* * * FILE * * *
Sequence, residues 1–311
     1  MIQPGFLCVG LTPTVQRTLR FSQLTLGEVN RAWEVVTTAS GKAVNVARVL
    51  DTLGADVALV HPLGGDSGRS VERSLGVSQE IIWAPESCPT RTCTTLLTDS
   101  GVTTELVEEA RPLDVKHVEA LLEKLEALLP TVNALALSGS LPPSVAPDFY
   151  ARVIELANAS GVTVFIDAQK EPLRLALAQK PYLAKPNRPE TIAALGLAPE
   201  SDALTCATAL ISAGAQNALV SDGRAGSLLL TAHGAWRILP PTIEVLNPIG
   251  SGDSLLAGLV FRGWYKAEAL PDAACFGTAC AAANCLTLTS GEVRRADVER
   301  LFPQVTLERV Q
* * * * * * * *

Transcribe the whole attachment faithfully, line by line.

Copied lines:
Sequence, residues 1–311
     1  MIQPGFLCVG LTPTVQRTLR FSQLTLGEVN RAWEVVTTAS GKAVNVARVL
    51  DTLGADVALV HPLGGDSGRS VERSLGVSQE IIWAPESCPT RTCTTLLTDS
   101  GVTTELVEEA RPLDVKHVEA LLEKLEALLP TVNALALSGS LPPSVAPDFY
   151  ARVIELANAS GVTVFIDAQK EPLRLALAQK PYLAKPNRPE TIAALGLAPE
   201  SDALTCATAL ISAGAQNALV SDGRAGSLLL TAHGAWRILP PTIEVLNPIG
   251  SGDSLLAGLV FRGWYKAEAL PDAACFGTAC AAANCLTLTS GEVRRADVER
   301  LFPQVTLERV Q